D.C. Bar President Timothy K. Webster recently moderated a panel of in-house counsel at a legal marketing event that turned into a lively discussion about outside counsel.
“A lot of lawyers claim to have entered the profession to help people (i.e., clients). Yet as we strive to become better lawyers, we focus principally on enhancing our legal knowledge and acumen. We read the trade press and case digests to keep up with recent developments. We attend conferences to hear in depth from leading practitioners and scholars. We work off any rust by taking on projects that require use of our rusty skills. But we often ignore the enrichment of our client relations,” Webster said in his President’s Message published in this month’s Washington Lawyer.
Here are nine points from that panel discussion (summarized by Webster):
• Know my business. Providing top-notch representation, not to mention developing a successful long-term attorney–client relationship, requires learning the client’s business (including nonprofits and government agencies). Clients appreciate it but do not want to pay for it. If you want to be the best lawyer you can be for your client, invest some of your own time—gratis—by learning what the organization does, how it does it, and its plans for the future.
• Help me do my job. Clients judge their counsel based on a variety of factors such as quality of work product, cost of service, responsiveness, and ultimate success, to name a few. But your client representatives are judged, too, by their organizations. Be sensitive to the fact that you impact your client representatives. Do your job well, but also help them do their jobs well.
• I just want the answer. Smart, diligent lawyers provide detailed, often verbose, and usually expensive legal analysis to clients, yet those clients frequently just want answers in digestible bites that can be used to brief their organization’s management. This is a tricky area for lawyers, who can’t afford to be curt or flippant with their advice. My panelists understood that hard work needs to be done to get to the right answer, but they also need and greatly appreciate help digesting the advice and presenting it in a way that is most helpful within their organization.
• I hire lawyers, not firms. Most clients look foremost at hiring quality individual lawyers—not law firms—who are or can become trusted advisors and partners (although one panelist brought us down to earth by adding “but when we fire, we fire firms”). The onus is on that trusted advisor to maintain the relationship. My panelists detested the “bait and switch” by firms that present certain lawyers during a pitch, but put others on the project once hired.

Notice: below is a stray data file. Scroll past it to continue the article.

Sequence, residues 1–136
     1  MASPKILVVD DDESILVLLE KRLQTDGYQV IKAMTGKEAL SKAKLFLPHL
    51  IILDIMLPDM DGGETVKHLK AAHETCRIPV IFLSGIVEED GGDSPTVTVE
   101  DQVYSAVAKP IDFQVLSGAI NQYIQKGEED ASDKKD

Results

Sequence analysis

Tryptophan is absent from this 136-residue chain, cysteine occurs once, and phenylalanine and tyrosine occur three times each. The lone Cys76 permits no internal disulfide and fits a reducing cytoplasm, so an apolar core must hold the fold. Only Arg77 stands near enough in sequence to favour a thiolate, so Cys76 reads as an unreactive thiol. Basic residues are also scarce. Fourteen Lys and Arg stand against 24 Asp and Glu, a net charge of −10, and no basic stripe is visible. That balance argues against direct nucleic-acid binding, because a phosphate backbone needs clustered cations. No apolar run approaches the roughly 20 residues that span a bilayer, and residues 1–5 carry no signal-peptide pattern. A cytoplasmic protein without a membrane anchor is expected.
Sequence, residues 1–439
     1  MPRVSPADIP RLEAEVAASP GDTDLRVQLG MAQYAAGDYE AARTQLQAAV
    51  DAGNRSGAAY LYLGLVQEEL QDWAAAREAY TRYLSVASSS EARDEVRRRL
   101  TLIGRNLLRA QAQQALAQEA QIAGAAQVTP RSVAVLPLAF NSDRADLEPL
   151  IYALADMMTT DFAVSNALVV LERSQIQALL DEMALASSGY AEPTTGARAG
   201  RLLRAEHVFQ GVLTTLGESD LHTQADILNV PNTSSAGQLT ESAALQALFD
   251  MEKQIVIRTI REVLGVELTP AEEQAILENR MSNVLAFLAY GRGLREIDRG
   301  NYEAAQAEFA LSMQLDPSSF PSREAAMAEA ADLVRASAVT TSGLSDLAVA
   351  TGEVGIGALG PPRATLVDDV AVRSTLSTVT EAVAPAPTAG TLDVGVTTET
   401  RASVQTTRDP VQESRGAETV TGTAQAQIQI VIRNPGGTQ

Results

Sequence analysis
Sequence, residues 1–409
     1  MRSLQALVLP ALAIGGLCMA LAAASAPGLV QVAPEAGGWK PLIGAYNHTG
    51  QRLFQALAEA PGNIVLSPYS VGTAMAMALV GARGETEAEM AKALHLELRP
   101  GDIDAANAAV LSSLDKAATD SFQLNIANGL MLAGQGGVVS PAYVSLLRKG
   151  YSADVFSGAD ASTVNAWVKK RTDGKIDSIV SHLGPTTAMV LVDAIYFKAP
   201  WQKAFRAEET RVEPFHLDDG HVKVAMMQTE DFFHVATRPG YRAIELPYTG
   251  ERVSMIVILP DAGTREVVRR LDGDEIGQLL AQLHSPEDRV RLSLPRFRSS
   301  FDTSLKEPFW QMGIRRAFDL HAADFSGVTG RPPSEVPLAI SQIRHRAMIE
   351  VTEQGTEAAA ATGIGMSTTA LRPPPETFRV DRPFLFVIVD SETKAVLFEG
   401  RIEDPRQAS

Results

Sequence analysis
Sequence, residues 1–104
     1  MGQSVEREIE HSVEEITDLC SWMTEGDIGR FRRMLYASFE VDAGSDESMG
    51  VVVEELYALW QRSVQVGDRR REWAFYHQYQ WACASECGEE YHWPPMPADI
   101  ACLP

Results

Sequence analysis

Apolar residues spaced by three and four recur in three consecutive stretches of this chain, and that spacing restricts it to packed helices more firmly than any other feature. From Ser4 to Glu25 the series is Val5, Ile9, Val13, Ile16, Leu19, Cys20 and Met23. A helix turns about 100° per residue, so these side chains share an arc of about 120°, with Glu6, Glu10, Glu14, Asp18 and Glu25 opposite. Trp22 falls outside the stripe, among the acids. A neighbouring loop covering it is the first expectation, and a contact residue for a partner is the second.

• You don’t need to be “all that.” Arrogance can backfire quickly for outside counsel. Perhaps some clients are impressed by it, but my panelists were rubbed the wrong way by lawyers who considered themselves to be the smartest person in the room. Nor were they impressed by legal rankings, and they professed not to rely on them.
• We are not friends. Lawyers need to tend to their relationships with their client representatives but should not mistake those relationships for friendship in most cases. This is another tricky area for lawyers. No rule bars attorneys from being friends with clients, but the core duties of a lawyer run to the client entity, not the representative. Taking the relationship too far can become awkward, if not problematic. Be collegial, but don’t suggest vacationing together.
• Respect my time. Don’t oversell and over-schmooze your clients. My panelists said they are happy to go to lunch or dinner occasionally, but coffee is fine, too. Also, they don’t really read the burgeoning wealth of marketing materials (e.g., client alerts and newsletters) that firms send them, but they do appreciate concise, targeted, and insightful material that is directly relevant to their organizations.
• Adapt and innovate. Clients, especially businesses, are always innovating and expect their vendors to do the same. For lawyers, that innovation means not only keeping up with technology, but also rethinking fee structures. Show your clients that you are responsive to their needs by discussing creative fee approaches and the use of technology.
• Ask me for feedback. Clients appreciate being asked how their counsel is doing, occasionally. The conversation may be more blunt—and useful—if the lawyer or firm uses a third party to conduct the interview.
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